Friday, 30 October 2009

N'fa: Cause an Effect

When Heath Ledger died last year, no one disputed his claims as a great actor. Since his passing though, he’s established a reputation as a top-notch music video director as well. His anti-whaling video for Modest Mouse's "King Rat" debuted in August and now he’s back from the grave again with a hip-hop clip for N’fa’s “Cause an Effect.”

While “Cause an Effect” lacks the overt social cause of the Modest Mouse tune, Ledger clearly goes for the activist tunes. “I represent those struggling to pay tax, struggling to eat,” N’fa raps. “Amidst fat aristocrats we can’t make ends meet / I represent the lonely working, searching for more / Suffering at the bottom. I’m here to settle the score.”

The angry outsider rant gets an appropriately aggressive video, with N’fa layered in layers of face paint that can’t help but recall Ledger’s own Joker, with just a hint of S&M on the side. Formerly of Australian hip-hop trio 1200 Techniques, N’fa (short for No Fixed Abode) discussed working with Ledger in a making-of clip he posted on his MySpace page.

"Every day I count my blessings that I got to have him direct this piece of art," N’fa says. "For a song I was very proud to have written but I never expected to have such an immense video made for it. Since I'd known Heath since we were very young, he’s always been a creative kind of guy and, in many ways, ahead of the curve. When he had the idea to do this video, [there was] no question."

The video was shot in the summer of 2006 to promote N’fa’s Cause an Effect LP so the duo made ample use of the Sydney waterfront. Even palling around with his friend down under though, Ledger couldn’t escape the dark underbelly of fame.

“We spent a lot of time…going down the beach, having fun and often getting snapped by paparazzi” N’fa says. “It wasn’t really one of the things he was into.”

Ledger was into the challenge of coming up with a creative way to memorialize N’fa’s call to action on the cheap though.

"We tried to do something on the shoestring budget we had" the rapper said. "The day before we found a few different ideas for clothing, a massive sheet and black curtain, and got in touch with two really good makeup artists… and shot it all in his garage.”

The clip just debuted at the Rome Film Festival this past weekend, but it was worth the wait. The sad fact is that it’s perfectly feasible this may be the second-to-last new Heath Ledger work we see (his final film The Imaginarium of Doctor Parnassus comes out in December). So enjoy it.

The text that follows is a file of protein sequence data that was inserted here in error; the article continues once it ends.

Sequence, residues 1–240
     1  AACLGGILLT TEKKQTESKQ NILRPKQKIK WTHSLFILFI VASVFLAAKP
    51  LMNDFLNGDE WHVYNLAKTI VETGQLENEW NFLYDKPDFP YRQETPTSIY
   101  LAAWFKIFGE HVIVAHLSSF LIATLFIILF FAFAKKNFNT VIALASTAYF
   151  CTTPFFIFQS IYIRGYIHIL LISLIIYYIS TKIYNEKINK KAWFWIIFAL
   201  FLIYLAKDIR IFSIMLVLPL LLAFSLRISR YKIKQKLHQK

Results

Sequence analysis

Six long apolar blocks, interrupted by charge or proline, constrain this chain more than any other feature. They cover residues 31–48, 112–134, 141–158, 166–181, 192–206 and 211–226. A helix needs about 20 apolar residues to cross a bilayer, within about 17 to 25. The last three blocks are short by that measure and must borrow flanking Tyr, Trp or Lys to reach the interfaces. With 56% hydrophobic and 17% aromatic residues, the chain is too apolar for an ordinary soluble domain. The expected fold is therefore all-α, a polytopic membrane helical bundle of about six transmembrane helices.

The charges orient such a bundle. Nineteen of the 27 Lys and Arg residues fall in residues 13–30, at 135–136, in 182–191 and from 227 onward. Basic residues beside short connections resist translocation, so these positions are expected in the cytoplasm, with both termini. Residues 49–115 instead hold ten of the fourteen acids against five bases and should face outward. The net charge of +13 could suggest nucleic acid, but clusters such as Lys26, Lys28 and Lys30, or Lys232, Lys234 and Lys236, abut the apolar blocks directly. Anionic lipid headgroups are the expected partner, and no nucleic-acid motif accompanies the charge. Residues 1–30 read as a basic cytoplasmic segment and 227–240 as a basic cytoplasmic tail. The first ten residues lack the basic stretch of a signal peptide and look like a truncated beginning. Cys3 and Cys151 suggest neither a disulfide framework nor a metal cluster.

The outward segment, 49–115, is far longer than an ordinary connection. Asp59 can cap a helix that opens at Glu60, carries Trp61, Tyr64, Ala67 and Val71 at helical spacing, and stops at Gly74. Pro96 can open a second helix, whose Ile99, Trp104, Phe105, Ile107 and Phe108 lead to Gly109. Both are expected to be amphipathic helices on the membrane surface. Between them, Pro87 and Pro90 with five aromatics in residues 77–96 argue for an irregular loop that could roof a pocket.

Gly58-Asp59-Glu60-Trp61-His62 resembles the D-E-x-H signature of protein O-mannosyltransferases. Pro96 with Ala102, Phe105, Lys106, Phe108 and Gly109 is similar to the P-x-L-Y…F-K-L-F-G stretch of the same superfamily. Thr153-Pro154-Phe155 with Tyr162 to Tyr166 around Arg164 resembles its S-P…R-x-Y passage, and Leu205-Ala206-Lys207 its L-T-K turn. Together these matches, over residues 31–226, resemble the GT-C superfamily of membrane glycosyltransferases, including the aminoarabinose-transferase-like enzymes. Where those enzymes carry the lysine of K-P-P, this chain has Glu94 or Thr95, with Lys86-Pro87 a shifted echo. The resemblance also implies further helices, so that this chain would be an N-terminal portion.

Verdict: 4/5 stars

Thursday, 29 October 2009

Basement Jaxx: My Turn (ft. Lightspeed Champion)

Kanye West seemed to have the cute hip-hop bear thing locked down, but in Basement Jaxx’s new “My Turn” video the DJ duo create their own memorable mammal who doesn’t drop out, register late, or graduate. Instead, he’s some sort of swimming miner, like the seven dwarves meets Michael Phelps.

Lightspeed Champion – Devonte Hynes to his mother – did the soulful vocals on the third Scars single. In the clip a dapper-dressing Hynes pours out his heart alongside the bears, sometimes literally. The neon tears and hearts that litter the jet-black background suggest the work of an animation grad student on speed, but director Tomek Ducki is no amateur.

“It was a heavy week of working to transform the idea from a live visual to a video promo,” Ducki wrote on his website. “Lightspeed Champion had to be included, so [I] needed to find a way to work together the animation and the live action part.”

The end result is certainly endearing, but the behind-the-scenes green-screen video Ducki created last week might be even better. If dancing wizards surrounded by awkward cinematographers is your thing, of course. The wizard only shows up in the final version for about half a second (don’t blink or you’ll miss it), so the two clips could be seen as hi/low-tech companion pieces.

It’s tough to beat a goggled bear wielding dynamite though, so first check out the official vid below.

Verdict: 3/5 stars

Wednesday, 28 October 2009

Norah Jones: Chasing Pirates

Q: Who’s a pirate’s favorite young jazz singer?
A: Naaaarrrrrrrrrah Jones!